“Jamie had his whole life planned out, but not this. No parent should ever have to bury their child.” The parents of 21-year-old veterinary student Jamie Nelson, who died last Wednesday morning following a collision between a lorry and a car on the A4 near Brookeborough recall a “very bright”, “determined” young man, who was known to most as “the gentle giant.” Raymond and Valerie Nelson, from outside Rosslea state: “Jamie has left a void here. He will be missed by all who knew him. There are only memories left, but they are all happy memories.” A second year student of Veterinary Medicine at the University of Glasgow, Jamie was the oldest of six. He had arrived back in Fermanagh four days before his untimely death. He had begun a work placement at his cousin’s goat farm near Brookeborough last Monday and was on his way to the farm when the collision took place.

A thanksgiving service for his life took place last Saturday in Holy Trinity Parish Church, Clogh, one of the largest services the church has seen in 20 years.

Hymns for the funeral service were chosen by Jamie’s brothers and sisters. They included two of his favourites: ‘Abide With Me’ and ‘Shine, Jesus, Shine’.

A keen flautist and drummer, “Jamie would always have fluted ‘Abide With Me’ around the house,” recalls Melanie.

Raymond adds: “That’s one thing we’ll surely miss, his fluting. The neighbours told us they knew when Jamie was home because they could hear the flute and drums through the open windows.” Jamie was a dedicated member of Magheraveely Flute Band. As a child, he had been a member of Clogh War Memorial flute band.

He was also a member of two loyal orders: Clogh RBP 107 and Shankill LOL 664; Clogh Parish Church of Ireland; Clogh bowling club and Clogh Hall Committee.

“If there was ever any work to be done or help needed at the hall, the church, the bowling or the flute band, he was always first on hand to help,” says Jamie’s godfather Thomas Nelson.

His friends in Magheraveely Flute Band formed a guard of honour at the Nelson home and at Clogh Church on the morning of Jamie’s funeral, which the family are grateful for.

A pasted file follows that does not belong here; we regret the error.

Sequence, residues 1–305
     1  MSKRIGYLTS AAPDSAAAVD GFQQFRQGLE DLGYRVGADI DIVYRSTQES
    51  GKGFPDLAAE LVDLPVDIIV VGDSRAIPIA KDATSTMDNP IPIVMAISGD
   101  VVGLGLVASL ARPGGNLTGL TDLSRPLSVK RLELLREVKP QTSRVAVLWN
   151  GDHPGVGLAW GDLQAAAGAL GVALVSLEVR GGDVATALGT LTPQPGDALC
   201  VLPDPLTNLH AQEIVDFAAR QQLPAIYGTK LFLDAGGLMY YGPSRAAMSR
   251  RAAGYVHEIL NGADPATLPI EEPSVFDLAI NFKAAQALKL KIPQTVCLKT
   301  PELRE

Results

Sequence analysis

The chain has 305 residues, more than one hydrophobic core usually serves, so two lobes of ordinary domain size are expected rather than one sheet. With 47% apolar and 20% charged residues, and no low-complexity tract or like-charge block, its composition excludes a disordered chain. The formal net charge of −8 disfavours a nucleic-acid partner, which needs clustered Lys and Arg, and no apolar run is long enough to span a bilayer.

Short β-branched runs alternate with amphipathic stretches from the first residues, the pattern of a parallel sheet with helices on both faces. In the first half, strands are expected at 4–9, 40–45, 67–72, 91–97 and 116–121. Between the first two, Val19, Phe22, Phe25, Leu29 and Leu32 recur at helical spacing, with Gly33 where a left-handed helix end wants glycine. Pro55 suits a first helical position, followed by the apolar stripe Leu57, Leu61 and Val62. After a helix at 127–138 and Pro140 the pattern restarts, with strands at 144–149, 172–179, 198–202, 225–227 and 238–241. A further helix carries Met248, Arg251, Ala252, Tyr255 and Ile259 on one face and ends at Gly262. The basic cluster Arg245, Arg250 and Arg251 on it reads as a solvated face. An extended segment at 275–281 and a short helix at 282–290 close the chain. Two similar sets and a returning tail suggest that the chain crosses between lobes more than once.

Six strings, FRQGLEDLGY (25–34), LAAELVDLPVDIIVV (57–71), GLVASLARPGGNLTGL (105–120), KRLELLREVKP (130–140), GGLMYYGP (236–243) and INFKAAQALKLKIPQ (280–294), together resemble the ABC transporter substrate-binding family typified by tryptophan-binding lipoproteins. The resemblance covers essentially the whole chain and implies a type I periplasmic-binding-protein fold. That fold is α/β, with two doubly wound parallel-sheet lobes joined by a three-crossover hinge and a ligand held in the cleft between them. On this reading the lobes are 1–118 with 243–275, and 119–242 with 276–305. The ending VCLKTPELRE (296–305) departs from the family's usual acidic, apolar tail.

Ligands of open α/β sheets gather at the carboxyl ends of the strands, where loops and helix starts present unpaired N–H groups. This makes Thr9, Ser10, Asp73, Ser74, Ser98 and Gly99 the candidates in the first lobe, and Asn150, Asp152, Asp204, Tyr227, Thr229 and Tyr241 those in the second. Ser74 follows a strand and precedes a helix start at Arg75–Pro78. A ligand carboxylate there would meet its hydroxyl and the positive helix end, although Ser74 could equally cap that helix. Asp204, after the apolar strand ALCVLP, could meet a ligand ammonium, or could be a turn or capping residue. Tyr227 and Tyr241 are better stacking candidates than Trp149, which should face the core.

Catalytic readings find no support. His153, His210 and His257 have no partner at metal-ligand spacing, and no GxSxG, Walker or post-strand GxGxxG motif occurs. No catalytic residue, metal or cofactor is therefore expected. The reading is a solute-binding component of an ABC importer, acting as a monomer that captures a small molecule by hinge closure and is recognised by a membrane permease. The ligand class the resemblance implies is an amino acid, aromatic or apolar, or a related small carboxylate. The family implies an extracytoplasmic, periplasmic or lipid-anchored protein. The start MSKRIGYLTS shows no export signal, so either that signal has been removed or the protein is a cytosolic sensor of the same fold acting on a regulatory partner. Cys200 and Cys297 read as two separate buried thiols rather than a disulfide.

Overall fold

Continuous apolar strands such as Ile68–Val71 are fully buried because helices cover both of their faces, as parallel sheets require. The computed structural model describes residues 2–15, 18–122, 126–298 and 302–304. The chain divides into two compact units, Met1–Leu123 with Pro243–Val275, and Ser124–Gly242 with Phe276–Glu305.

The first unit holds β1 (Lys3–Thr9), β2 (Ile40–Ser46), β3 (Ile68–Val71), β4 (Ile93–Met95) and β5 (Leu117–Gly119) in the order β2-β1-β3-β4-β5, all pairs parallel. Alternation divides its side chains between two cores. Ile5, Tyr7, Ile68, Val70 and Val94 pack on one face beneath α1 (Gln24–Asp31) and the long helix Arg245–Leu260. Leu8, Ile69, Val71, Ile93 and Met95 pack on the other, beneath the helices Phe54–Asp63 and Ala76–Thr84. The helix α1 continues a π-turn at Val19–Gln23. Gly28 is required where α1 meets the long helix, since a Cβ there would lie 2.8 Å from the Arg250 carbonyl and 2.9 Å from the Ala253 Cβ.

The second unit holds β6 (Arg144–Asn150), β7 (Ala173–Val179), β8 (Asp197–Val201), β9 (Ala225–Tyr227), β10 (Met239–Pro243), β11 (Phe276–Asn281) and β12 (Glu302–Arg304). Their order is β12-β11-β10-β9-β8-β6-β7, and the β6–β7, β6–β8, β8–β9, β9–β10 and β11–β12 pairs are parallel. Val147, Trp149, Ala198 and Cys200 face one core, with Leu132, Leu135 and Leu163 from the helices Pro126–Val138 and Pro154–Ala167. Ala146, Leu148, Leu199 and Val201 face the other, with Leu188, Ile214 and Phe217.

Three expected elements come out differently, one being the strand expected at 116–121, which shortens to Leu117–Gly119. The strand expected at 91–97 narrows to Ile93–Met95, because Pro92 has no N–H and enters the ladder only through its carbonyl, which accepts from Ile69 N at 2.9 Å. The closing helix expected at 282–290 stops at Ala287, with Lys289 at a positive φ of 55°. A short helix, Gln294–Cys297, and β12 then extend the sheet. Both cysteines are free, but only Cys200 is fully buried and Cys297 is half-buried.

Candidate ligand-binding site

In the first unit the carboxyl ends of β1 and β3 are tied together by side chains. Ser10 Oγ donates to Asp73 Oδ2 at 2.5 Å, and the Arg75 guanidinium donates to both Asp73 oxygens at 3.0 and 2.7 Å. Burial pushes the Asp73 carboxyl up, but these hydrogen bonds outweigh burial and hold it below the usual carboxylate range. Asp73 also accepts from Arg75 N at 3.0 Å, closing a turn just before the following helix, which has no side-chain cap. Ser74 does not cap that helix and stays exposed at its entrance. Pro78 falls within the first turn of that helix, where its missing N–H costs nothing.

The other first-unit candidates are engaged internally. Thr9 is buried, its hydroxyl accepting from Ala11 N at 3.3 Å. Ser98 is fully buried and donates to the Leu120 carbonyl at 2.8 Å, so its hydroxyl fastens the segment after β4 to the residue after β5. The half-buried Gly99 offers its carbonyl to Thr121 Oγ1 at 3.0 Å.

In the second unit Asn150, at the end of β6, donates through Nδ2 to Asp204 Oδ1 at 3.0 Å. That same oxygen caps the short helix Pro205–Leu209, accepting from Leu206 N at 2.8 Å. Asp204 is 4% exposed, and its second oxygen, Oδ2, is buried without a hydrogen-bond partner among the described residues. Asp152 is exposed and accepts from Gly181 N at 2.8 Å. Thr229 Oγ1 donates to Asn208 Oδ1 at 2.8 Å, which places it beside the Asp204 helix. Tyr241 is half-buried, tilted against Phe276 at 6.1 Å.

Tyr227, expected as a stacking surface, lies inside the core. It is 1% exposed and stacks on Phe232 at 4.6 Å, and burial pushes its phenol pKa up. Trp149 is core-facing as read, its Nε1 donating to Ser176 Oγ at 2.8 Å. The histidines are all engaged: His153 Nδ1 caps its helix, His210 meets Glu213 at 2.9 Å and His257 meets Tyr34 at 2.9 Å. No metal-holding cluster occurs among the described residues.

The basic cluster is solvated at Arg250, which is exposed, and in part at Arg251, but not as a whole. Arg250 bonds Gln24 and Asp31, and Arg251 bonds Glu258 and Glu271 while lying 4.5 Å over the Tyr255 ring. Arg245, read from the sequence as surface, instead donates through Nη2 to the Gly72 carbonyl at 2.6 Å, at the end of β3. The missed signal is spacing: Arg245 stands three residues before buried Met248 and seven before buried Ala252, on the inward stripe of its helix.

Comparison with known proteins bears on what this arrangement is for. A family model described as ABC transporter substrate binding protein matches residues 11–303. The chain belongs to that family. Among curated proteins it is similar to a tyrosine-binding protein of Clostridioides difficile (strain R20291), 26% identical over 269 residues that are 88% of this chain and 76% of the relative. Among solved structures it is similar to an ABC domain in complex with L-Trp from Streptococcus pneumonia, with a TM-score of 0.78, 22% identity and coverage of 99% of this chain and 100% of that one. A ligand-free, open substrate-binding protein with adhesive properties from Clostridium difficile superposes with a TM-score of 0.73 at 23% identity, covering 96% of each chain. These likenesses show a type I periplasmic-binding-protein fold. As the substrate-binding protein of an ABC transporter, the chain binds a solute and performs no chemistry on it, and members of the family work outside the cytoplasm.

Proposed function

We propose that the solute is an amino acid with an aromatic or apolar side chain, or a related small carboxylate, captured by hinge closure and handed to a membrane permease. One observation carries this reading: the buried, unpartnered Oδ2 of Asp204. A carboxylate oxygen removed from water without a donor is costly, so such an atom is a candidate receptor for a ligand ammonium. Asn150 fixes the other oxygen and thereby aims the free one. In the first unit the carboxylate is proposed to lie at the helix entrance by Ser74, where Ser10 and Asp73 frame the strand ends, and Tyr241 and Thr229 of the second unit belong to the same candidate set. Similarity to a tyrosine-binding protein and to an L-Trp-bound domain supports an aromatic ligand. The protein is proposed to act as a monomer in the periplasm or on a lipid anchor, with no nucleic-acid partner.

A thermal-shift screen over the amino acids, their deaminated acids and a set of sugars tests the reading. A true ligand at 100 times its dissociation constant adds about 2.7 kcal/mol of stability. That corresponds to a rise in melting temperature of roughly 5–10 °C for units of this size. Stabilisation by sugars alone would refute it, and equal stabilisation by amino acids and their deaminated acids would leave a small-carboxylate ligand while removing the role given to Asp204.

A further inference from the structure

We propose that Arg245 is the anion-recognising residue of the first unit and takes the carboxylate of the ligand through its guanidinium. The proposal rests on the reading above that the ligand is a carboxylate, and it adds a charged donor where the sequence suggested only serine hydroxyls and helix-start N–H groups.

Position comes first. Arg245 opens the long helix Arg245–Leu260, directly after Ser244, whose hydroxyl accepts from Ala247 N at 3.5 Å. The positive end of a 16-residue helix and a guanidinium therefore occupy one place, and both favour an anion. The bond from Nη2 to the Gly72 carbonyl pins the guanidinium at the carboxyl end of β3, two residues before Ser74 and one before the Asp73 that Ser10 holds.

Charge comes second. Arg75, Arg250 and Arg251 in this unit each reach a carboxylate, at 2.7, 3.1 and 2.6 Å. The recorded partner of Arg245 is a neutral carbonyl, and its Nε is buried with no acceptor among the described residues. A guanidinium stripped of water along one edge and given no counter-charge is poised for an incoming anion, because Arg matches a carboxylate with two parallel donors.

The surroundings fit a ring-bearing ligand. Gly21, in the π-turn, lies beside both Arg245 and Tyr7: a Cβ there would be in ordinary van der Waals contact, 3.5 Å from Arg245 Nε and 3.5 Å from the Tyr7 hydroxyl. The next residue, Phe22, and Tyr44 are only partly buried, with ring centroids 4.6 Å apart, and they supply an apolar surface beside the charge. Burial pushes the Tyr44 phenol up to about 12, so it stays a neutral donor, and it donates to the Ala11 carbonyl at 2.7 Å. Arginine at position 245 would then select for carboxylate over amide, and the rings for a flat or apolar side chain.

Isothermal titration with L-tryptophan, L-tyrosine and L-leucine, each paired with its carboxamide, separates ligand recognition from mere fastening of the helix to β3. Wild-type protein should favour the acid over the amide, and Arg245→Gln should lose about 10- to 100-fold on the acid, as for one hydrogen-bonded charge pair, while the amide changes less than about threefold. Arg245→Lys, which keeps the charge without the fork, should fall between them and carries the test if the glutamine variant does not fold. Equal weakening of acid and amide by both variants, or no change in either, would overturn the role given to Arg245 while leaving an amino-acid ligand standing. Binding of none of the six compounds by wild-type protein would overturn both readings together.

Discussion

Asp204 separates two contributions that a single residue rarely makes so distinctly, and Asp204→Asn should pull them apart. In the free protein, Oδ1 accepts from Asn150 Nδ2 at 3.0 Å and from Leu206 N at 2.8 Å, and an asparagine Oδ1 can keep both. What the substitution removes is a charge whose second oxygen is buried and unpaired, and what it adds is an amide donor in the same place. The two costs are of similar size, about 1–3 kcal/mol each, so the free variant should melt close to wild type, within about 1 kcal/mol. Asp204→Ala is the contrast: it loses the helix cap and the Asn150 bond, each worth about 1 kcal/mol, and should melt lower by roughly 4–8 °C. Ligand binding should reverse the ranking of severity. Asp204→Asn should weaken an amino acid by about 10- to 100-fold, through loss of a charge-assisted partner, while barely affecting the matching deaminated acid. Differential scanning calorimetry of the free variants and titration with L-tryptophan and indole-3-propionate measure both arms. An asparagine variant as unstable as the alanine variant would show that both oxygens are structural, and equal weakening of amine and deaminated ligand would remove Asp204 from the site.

An amateur radio enthusiast, Jamie was Treasurer of the Lough Erne Amateur Radio Club before he started university, winning various competitions and helping to coach his father Raymond and his uncle Thomas in their efforts to gain their full amateur radio licence.

“He always found his school work so easy that he had time for other pursuits,” Thomas comments. “No matter what he did, he gave it his all.” Educated in Aghadrumsee Primary School and Lisnaskea High School, Jamie completed his A-Levels at Portora Royal School. During a gap year after his A-Levels, he volunteered as a tutor at Lisnaskea High School, where he “always pushed the students to do their best”.

The high esteem in which he was held in that school was highlighted by former Principal David Rees, who paid tribute to Jamie at his funeral. “They hit it off,” says Valerie. “He mentioned the way they used to support different teams and also mentioned how Jamie won nine trophies at the school prize-giving just after his GCSES – for English, Maths, the three Sciences, Technology and Design, History, French and ICT.” Despite not coming from a farming background, Jamie “loved the outdoors” and was “passionate about animals”. He also volunteered at Bright Eyes Animal Sanctuary before starting his degree in Veterinary Medicine.

“There’s a goat outside that Jamie took home from Bright Eyes and it was in a bad way – he could go nowhere without coming back with an animal – but it’s healthy and it’s about to have a kid and Jamie won’t be here to see that,” says his mother Valerie.

Other work placements included The Brook Veterinary Clinic and Castle Leslie (where he stayed an entire summer and came home with a dog).

Jamie’s extra-curricular activities didn’t end when he started university. Instead, he threw himself into the Glasgow University Veterinary Rugby Team, making new friends, many of whom flew over with the university chaplain to attend the funeral and to help carry Jamie’s coffin. They also presented the family with a touching photo of the team showing Jamie’s “mischievous and fun-loving” side and Jamie’s rugby jersey, which they had all signed.

Glasgow University will also hold a memorial service for Jamie when Valerie and Raymond make the trip in the coming weeks to clear out Jamie’s flat. All sports interested Jamie. “No matter what was on: soccer, gaelic, rugby, golf, he watched it”, says Valerie. He also played golf and enjoyed fishing with his friend Adam.

A “wonderful role model” to his sisters Melanie and Gemma and his brothers Kyle, Ashley and Jordan, Jamie was considerate about his grandparents James and Madge Nelson and Patricia Higgins, always texting to ask how they were doing.

“He was modest, he would never brag about his achievements,” Valerie continues. “He would talk to everyone, no matter their colour or creed, he treated everyone the same.” The grieving family conclude: “Jamie achieved a lot in his 21 years, more than many people would achieve in a lifetime. We are very proud of him. The world has lost a potentially brilliant vet. Whoever crossed his path, he touched their hearts.”